330 F.2d 697
LIBERTY NATIONAL BANK & TRUST COMPANY OF LOUISVILLE,
NATIONAL SURETY CORPORATION and Maryland Casualty Company,
United States Court of Appeals Sixth Circuit.
April 17, 1964.
Argued by and on brief W. G. Hume, Louisville, Ky., Brown & Eldred, Louisville, Ky., of counsel, for appellant.
Argued by William A. MacKenzie, Louisville, Ky., John G. Crutchfield, Louisville, Ky., on brief, Jones, Ewen & MacKenzie, Louisville, Ky., of counsel, for appellees.
Before O'SULLIVAN, PHILLIPS and EDWARDS, Circuit Judges.
EDWARDS, Circuit Judge.
Plaintiff bank suffered major losses as a result of swindles perpetrated by two concerns, Gateway Discount Company and York Car Rental Service, Inc. The losses totaled $798,715.93. In both instances the basic mechanism involved in the swindle was for the two companies to present to the bank for its purchase at discount notes secured by automobile chattel mortgages and auto leasing agreements made out in York and Gateway's favor and signed by ostensible lessors or purchasers of said automobiles. The fundamental fraud in the transaction was that of forgery of the names of these automobile purchasers or lessors.
On discovery of the swindle, the bank notified its bonding company and this litigation results from a distinct difference of opinion between the bonding company1 and the bank over exactly what coverages under the bond in question apply to the losses which have been set forth above. The two paragraphs of the bonding agreement which are in dispute are Clauses (D) and (E):
'FORGERY OR ALTERNATION
'(D) Any loss through FORGERY OR ALTERATION of, on or in any checks, drafts, acceptances, withdrawal orders or receipts for the withdrawal of funds or Property, certificates of deposit, letters of credit, warrants, money orders or orders upon public treasuries; or any loss (1) through transferring, paying or delivering any funds or Property or establishing any credit or giving any value on the faith of any written instructions or advices directed to the Insured and authorizing or acknowledging the transfer, payment, delivery or receipt of funds or Property, which instructions or advices purport to have been signed or endorsed by any customer of the Insured or by any banking institution but which instructions or advices either bear the forged signature or endorsement or have been altered without the knowledge and consent of such customer or banking institution, or (2) through the payment by the Insured of promissory notes which are payable at the Insured or which are or purport to be notes payable at the Insured under instructions of any depositor thereof, and which are actually paid by the Insured out of funds on deposit with it, and which prove to be forged or altered or which bear forged endorsements.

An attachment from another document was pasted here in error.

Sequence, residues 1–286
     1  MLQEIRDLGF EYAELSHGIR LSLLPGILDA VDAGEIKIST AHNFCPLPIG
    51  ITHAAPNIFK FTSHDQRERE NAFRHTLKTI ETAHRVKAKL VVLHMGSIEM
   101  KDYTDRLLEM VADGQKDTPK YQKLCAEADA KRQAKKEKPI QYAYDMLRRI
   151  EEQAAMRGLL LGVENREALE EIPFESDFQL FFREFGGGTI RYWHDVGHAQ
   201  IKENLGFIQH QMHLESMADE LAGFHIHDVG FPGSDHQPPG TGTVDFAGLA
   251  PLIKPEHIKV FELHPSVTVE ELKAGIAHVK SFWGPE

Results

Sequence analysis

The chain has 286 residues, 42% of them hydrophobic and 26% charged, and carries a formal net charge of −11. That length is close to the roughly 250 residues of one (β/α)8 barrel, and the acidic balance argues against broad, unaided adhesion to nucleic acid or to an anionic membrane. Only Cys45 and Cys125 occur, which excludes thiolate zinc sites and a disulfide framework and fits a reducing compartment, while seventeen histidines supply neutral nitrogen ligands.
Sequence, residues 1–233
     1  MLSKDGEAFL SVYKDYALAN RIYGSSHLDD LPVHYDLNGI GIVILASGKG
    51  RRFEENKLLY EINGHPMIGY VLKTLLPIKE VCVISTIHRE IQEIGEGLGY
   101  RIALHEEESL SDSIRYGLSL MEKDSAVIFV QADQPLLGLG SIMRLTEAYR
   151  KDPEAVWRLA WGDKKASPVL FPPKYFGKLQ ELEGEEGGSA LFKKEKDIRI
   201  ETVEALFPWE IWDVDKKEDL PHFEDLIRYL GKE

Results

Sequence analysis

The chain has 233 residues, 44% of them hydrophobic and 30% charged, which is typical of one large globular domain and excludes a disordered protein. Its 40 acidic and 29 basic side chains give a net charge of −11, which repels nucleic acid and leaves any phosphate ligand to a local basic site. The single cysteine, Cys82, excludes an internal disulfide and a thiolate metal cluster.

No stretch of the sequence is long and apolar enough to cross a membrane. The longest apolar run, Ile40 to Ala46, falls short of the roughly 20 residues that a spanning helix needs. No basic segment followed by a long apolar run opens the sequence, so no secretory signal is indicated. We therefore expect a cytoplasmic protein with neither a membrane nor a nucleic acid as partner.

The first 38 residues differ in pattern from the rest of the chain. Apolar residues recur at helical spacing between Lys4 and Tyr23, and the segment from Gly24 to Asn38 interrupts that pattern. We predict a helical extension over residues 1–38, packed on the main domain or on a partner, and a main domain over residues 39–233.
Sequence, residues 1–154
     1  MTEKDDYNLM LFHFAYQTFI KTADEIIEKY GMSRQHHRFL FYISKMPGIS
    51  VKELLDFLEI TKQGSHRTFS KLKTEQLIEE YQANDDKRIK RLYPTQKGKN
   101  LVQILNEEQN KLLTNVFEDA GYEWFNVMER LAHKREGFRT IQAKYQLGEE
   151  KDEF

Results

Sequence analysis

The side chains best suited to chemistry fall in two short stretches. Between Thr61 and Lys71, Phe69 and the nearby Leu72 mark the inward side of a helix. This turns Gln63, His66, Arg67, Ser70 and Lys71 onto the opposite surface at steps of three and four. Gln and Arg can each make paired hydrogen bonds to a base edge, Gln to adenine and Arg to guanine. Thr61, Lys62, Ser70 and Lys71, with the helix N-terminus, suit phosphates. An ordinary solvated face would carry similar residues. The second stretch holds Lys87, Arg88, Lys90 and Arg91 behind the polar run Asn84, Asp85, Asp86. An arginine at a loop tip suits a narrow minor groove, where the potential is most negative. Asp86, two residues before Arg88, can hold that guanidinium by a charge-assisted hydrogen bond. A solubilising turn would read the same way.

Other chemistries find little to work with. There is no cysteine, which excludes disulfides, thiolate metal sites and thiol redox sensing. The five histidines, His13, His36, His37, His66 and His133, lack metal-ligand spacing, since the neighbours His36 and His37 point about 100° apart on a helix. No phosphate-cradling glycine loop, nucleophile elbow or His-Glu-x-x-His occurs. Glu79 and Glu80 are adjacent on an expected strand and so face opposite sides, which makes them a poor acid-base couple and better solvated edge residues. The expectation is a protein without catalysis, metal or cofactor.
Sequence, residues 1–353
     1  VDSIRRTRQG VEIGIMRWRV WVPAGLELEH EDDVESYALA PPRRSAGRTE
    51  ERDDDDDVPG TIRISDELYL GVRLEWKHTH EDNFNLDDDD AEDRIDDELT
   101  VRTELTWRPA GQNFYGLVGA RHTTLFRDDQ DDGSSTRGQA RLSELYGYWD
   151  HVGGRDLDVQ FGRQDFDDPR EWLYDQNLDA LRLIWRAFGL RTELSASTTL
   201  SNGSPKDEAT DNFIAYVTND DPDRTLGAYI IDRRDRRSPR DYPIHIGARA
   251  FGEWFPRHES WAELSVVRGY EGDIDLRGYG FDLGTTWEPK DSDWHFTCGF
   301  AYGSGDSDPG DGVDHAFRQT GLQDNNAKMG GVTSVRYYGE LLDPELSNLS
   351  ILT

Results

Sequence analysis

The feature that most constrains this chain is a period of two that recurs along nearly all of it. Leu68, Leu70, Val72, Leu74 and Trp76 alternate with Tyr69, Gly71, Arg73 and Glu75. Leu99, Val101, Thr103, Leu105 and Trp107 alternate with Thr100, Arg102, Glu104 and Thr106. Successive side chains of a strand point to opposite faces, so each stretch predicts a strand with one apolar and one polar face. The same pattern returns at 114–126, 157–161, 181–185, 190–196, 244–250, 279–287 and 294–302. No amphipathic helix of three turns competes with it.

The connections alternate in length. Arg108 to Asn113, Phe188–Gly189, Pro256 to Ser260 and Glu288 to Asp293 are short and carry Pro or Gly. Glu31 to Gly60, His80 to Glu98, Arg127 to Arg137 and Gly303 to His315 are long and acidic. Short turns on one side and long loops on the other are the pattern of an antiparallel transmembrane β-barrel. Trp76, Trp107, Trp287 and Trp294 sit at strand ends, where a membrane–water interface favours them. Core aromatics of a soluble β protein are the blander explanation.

'Any check or draft (a) made payable to a fictitious payee and endorsed in the name of such fictitious payee or (b) procured in a face to face transaction with the maker or drawer thereof or with one acting as agent of such maker or drawer by anyone impersonating another and made or drawn payable to the one so impersonated and endorsed by anyone other than the one impersonated, shall be deemed to be forged as to such endorsement.
'(E) Any loss through the Insured's having, in good faith and in the course of business, whether for its own account or for the account of others, in any representative, fiduciary, agency or any other capacity, either gratuitously or otherwise, purchased or otherwise acquired, accepted or received, or sold or delivered, or given any value, extended any credit or assumed any liability, on the faith of, or otherwise acted upon any securities, documents or other written instruments which prove to have been counterfeited or forged as to the signature of any maker, drawer, issuer, endorser, assignor, lessee, transfer agent or registrar, acceptor, surety or guarantor or as to the signature of any person signing in any other capacity, or raised or otherwise altered or lost or stolen, or through the Insured's having, in good faith and in the course of business, guaranteed in writing or witnessed any signatures, whether for valuable consideration or not and whether or not such guaranteeing or witnessing is ultra vires the Insured, upon any transfers, assignments, bills of sale, powers of attorney, guarantees, endorsements or other documents upon or in connection with any securities, obligations or other written instruments and which pass or purport to pass title to such securities, obligations or other written instruments; EXCLUDING, HOWEVER, any loss through FORGERY OR ALTERATION of, on or in any checks, drafts, acceptances, withdrawal orders or receipts for the withdrawal of funds or Property, certificates of deposit, letters of credit, warrants, money orders or orders upon public treasuries; and excluding, further, any loss specified in subdivisions (1) and (2) of Insuring Clause (D) as printed in this bond, whether or not any amount of insurance is applicable under this bond to Insuring Clause (D).'
The bonding company paid its full obligation under Clause (E), a sum of $500,000. Coverage under Clause (D) is $1,500,000. Claims under Clause (D) were denied by defendant.
Plaintiff bank in this suit does not claim compensation for all of the balance of the losses. It has segregated from the transactions involved some $78,969.03 of those transactions where the forged names on the contracts were the same as those of actual customers who had accounts in plaintiff's bank.
It is the contention of plaintiff bank that since these were customers of the bank, and the paper concerned could be considered 'advices and instructions,' that the coverage of Clause (D) should be applicable.